Although a Simpson's game seems fit for cel-shading, the traditional polygonal look of the graphics suits the game nicely. It is reminiscent of the classic Halloween episode where Homer gets pulled into the CG virtual world: slightly awkward to get used to, but soon it feels just right. The textures are a little on the blurry side and the graphics have a low polygon count, but it makes sense when the developers are only rendering flat colored, basic cartoon characters and environments.
But what Hit and Run lacks in individual detail it makes up for in draw distance and frame rate, hovering around 60 fps and allowing you to see clear across the level, even on modestly-equipped systems. In terms of graphics, the main achievement of Hit and Run would be how true it stays to the Simpson's sense of style. Everything is larger than life, loudly colored and often bordering on absurd, or precisely how Simpsons' fans like it.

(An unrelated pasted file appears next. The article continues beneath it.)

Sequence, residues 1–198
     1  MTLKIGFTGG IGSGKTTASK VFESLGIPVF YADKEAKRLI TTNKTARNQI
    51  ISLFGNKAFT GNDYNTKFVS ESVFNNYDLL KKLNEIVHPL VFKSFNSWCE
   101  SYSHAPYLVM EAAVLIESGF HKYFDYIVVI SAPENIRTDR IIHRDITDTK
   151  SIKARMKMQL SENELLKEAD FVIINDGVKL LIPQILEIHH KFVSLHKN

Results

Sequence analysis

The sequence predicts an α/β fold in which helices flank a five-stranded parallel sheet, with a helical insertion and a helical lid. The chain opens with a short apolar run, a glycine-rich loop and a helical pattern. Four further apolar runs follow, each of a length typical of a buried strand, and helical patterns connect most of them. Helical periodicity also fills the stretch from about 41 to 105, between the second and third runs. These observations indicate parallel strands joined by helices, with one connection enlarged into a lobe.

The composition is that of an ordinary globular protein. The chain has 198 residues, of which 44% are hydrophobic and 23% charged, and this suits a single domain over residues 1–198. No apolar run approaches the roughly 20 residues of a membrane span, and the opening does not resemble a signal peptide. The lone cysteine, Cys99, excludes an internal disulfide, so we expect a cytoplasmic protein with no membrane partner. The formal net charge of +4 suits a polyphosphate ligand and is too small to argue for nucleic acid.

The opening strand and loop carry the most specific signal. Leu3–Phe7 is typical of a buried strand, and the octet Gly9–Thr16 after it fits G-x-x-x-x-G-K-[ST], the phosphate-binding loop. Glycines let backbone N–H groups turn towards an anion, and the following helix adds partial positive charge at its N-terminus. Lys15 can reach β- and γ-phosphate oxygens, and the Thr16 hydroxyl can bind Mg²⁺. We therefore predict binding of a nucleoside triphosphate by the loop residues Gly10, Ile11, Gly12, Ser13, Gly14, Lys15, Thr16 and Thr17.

The soundtrack for the game is an eclectic mix of all types of musical genres, and you'll hear everything from a lumbering tuba solo to a heavy riff, rock out guitar. All are well composed and matches the game's wide variety of characters quite nicely. All the voice actors from the series reprise their roles as well, with many of the quip-able quotes matching the character's repertoire on the TV show.
Hit and Run would be a strong game even without a TV tie-in, but paired with the Simpson's name, it stands out as a classic of the game line. With such a strong sense of what makes the Simpson's popular and loved for so many years, Hit and Run accomplishes what so many of the previous Simpsons games had failed at. It's fun, witty, littered with inside jokes, and just teeming with style. Fans and players alike can't really ask for more.